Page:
Alexander Aetolus

Alexander Aetolus (Gr. polytonic|Ἀλέξανδρος ὁ Αἰτωλός) was a Greek poet and grammarian, the only known representative of Aetolian poetry.cite encyclopedia | last = Schmitz | first = Leonhard | authorlink = | title = Alexander | editor = William Smith | encyclopedia = Dictionary of Greek and Roman Biography and Mythology | volume = 1 | pages = 111 | publisher = Little, Brown and Company | location = Boston | year = 1867 | url = http://www.ancientlibrary.com/smith-bio/0120.html ] He was the son of Satyrus and Stratocleia, and was a native of Pleuron in Aetolia, although he spent the greater part of his life at Alexandria, where he was reckoned one of the seven tragic poets who constituted the Tragic Pleiad. [Suda, "s. v."] [Eudoc. p. 62] [Pausanias, "Description of Greece" ii. 22. § 7] [Scholiast, "ad Hom "Il. xvi. 233] He flourished about 280 BC, in the reign of Ptolemy II Philadelphus.

He had an office in the Library of Alexandria, and was commis­sioned by Ptolemy to make a collection of all the tragedies and satyric dramas that were extant. He spent some time, together with Antagoras and Aratus, at the court of Antigonus II Gonatas. [Aratus, "Phaenomena et Diosem." ii. pp. 431, 443, &c. 446, ed. Buhle] Notwithstanding the distinction he enjoyed as a tragic poet, he appears to have had greater merit as a writer of epic poems, elegies, epigrams, and cynaedi. Among his epic poems, we possess the titles and some fragments of three pieces: the "Fisherman", [polytonic|ἁλιεὺς, Athenaeus, vii. p. 296] "Kirka" or "Krika", [Athenaeus, vii. p. 283] which, how­ever, is designated by Athenaeus as doubtful, and "Helena", [August Immanuel Bekker, "Anecdota Graeca" p. 96] Of his elegies, some beautiful fragments are still extant. [Athenaeus, iv. p. 170, xi. p. 496, xv. p. 899] [Strabo, xii. p. 556, xiv. p. 681] [Parthen. "Erot." 4] [John Tzetzes, "ad. Lycophr." 266] [Scholiast and Eustathius, "ad Il. iii. 314] His Cynaedi, or "Ionic poems" (polytonic|Ἰωνικὰ ποιήματα), are mentioned by Strabo [Strabo, xiv. p. 648] and Athenaeus. [Athenaeus, xiv. p. 620] Some anapaestic verses in praise of Euripides are preserved in Gellius. [Aulus Gellius, xv. 20]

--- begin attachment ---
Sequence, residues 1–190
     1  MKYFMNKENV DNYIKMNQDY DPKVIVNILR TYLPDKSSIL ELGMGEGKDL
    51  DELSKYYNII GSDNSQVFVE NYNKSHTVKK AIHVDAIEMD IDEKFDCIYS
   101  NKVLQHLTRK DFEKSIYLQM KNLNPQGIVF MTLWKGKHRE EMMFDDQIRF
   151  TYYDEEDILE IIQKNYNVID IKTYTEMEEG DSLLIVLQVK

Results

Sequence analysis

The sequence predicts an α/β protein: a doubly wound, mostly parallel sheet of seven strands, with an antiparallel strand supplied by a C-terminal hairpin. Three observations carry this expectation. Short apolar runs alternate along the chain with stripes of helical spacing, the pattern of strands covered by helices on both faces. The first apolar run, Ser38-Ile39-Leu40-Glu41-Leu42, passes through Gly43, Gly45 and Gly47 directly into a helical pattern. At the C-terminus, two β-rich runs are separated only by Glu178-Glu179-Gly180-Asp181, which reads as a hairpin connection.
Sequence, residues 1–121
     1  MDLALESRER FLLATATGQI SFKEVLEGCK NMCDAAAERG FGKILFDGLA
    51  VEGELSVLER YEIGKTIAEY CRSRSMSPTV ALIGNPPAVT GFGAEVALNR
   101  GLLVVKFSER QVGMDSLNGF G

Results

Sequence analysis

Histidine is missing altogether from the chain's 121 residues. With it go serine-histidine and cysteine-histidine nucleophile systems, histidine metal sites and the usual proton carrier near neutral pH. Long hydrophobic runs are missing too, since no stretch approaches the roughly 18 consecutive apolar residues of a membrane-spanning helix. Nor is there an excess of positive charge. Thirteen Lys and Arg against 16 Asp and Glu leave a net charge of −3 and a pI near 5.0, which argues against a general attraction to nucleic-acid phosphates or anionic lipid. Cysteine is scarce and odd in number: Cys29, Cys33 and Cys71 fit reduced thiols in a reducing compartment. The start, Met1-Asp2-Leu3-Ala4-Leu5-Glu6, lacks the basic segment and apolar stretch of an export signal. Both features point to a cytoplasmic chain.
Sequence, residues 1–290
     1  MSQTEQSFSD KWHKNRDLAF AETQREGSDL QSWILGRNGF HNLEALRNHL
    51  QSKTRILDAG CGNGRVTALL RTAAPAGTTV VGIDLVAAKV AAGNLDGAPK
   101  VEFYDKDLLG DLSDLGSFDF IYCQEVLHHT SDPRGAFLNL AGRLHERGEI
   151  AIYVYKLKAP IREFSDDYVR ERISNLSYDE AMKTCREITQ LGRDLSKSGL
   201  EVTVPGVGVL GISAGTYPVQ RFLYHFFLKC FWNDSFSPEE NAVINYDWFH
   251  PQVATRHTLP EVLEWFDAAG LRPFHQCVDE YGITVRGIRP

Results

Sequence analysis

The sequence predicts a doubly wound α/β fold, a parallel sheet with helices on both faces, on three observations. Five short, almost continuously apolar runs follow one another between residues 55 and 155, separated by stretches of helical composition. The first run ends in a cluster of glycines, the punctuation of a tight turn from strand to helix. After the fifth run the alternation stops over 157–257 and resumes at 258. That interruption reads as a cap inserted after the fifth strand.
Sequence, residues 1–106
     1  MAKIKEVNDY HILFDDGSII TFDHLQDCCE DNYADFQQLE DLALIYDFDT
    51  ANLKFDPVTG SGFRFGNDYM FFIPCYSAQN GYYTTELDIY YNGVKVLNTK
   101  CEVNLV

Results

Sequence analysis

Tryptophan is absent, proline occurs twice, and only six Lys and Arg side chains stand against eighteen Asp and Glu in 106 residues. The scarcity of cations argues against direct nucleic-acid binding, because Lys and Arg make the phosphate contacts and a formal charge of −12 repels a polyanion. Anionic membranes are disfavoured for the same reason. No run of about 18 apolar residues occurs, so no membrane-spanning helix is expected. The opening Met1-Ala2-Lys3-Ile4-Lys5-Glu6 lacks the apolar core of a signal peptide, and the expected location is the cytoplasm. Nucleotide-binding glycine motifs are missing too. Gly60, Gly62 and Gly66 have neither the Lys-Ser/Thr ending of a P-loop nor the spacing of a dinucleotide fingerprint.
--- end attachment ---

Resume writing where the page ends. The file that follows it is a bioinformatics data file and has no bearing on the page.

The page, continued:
References

Other sources

*Meineke, "Analecta Alexandrina" (1853)
*Bergk, "Poetae Lyrici Graeci"
*Auguste Couat, "La Poésie alexandrine" (1882).


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